There are 10 key trends helping to shape the current landscape of organizational training and development (T&D), according to research by AMA Enterprise, a division of American Management Association.
“AMA has tracked a number of developments—some major, some minor—affecting T&D that must be understood as well as adapted to current market realities,” said Jennifer Jones, Director at AMA Enterprise, which provides organizations with assessment, measurement, and tailored learning solutions. “For instance, workers are becoming much savvier when it comes to tapping into company leadership programs and external development opportunities. There’s also steady globalization, pressure for greater transparency, and an expectation by senior management that these efforts pay off in some measurable way. Every development professional must be attuned to these trends.”
The key trends identified by AMA Enterprise are:
- The definition of “leader” is broadening. A majority of large organizations now consider individuals to be leaders based on their impact, not on their authority or position. Increasingly, a leader is viewed as “anyone, whether they manage others or not, who is a top-performer in their specific role.”
- Management faces a more risk-averse workforce. A growing proportion of the workforce has become risk-averse, probably due to the sluggish economy and weak job market. Management must assess its own responsibility for this phenomenon and determine if the organization really encourages initiative or risk taking.
- Demand for “big data” skills is growing sharply. A greater volume of information is now at the disposal of organizations today, but employees lack the analytical skills to deal with such complex data, and management is now pressed to provide the needed training.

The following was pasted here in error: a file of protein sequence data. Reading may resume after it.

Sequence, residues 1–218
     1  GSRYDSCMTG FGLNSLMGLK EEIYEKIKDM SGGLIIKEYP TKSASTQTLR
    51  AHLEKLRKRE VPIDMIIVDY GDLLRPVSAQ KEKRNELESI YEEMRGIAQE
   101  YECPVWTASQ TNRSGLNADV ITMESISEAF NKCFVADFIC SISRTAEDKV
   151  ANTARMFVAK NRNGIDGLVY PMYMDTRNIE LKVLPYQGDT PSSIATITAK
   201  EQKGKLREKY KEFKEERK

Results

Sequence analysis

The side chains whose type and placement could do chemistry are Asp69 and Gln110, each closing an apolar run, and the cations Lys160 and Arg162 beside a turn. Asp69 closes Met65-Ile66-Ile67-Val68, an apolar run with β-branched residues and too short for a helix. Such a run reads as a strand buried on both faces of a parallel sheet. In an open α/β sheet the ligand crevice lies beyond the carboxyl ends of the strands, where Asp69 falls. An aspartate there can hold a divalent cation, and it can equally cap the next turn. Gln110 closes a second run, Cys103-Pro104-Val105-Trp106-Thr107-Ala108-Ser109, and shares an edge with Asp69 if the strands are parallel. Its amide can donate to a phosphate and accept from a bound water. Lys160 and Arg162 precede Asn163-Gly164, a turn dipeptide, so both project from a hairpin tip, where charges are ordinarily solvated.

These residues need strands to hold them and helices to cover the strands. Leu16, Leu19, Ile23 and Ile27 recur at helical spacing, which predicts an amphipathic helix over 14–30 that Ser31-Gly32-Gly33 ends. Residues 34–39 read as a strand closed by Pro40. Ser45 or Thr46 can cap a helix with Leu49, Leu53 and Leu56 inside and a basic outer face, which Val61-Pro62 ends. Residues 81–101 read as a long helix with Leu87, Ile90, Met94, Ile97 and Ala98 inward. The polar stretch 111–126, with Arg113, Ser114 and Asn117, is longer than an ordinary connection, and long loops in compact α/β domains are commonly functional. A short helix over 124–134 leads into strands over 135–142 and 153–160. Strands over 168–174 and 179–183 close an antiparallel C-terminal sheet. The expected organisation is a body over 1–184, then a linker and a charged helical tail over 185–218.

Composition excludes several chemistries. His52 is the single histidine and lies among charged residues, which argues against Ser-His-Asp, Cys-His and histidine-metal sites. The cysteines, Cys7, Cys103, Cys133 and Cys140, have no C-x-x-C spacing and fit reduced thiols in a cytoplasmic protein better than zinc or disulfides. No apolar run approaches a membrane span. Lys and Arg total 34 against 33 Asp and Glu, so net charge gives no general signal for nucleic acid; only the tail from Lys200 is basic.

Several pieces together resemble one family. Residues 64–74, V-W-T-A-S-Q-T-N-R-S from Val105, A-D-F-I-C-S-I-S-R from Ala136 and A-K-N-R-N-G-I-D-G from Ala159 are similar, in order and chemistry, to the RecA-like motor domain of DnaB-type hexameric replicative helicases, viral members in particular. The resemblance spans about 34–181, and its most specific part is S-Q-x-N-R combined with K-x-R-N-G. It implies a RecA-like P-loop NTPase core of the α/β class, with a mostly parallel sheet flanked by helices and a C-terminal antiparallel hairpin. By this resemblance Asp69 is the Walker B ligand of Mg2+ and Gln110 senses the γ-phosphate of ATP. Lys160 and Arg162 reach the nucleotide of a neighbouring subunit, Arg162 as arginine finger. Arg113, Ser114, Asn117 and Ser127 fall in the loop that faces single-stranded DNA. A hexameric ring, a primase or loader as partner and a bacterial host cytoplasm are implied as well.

- More organizations avoid the term “high potential.“ There is a growing reluctance to call candidates for accelerated career development “high potential.“ The term may suggest that other employees do not have much potential, which is not a healthy message to convey, either to them or to the organization.
- Selection for high potential programs is becoming more impartial. Companies now seek to make the application process for such programs more systematic and impartial. Anticipate greater transparency on performance criteria, changes in corporate strategy, more flexible career opportunities, and tighter high potential selection and management succession processes.
- Leadership programs are being retooled for globalization. Some companies have long had a global dimension to their development initiatives. But others find they must now play catch-up or lose ground in an increasingly competitive global marketplace. The top competencies for global leadership development are change management, ability to influence and build coalitions, and critical thinking and problem solving.
- Many organizations find themselves ill-prepared for rising turnover. One-third of employers are concerned that employee turnover may rise as the job market improves, a 2013 AMA survey found. And many companies admit they are not ready to deal with the challenge and are seeking suitable solutions.
- Core skills are a renewed focus. Classic programs devoted to basic skills often suffered during the recession, taking a back seat to specialized modules that met immediate business challenges. There is now greater demand for programs that develop communications skills, critical thinking, collaboration and creativity, all of which aim to improve long-term employee productivity.
- More and more employees now seek entry into leadership programs. If the selection process for programs once had a low profile, ambitious individuals now volunteer themselves for any kind of leadership development offering. Organizations realize they must find ways to meet this growing demand.
- There is a growing focus on developing individual contributors. More than one in three organizations have stepped up efforts to develop individual contributors. So-called high potential candidates from the management ranks often get all the attention, while individual contributors hardly figure in development programs. Yet these are key constituents within every organization—core players who get things done despite having no direct management authority.
Change has always been constant in the T&D sector, observed Jones. “Some change is obvious, but other change is less so. Development professionals must prepare and be able to respond to change in all its forms.”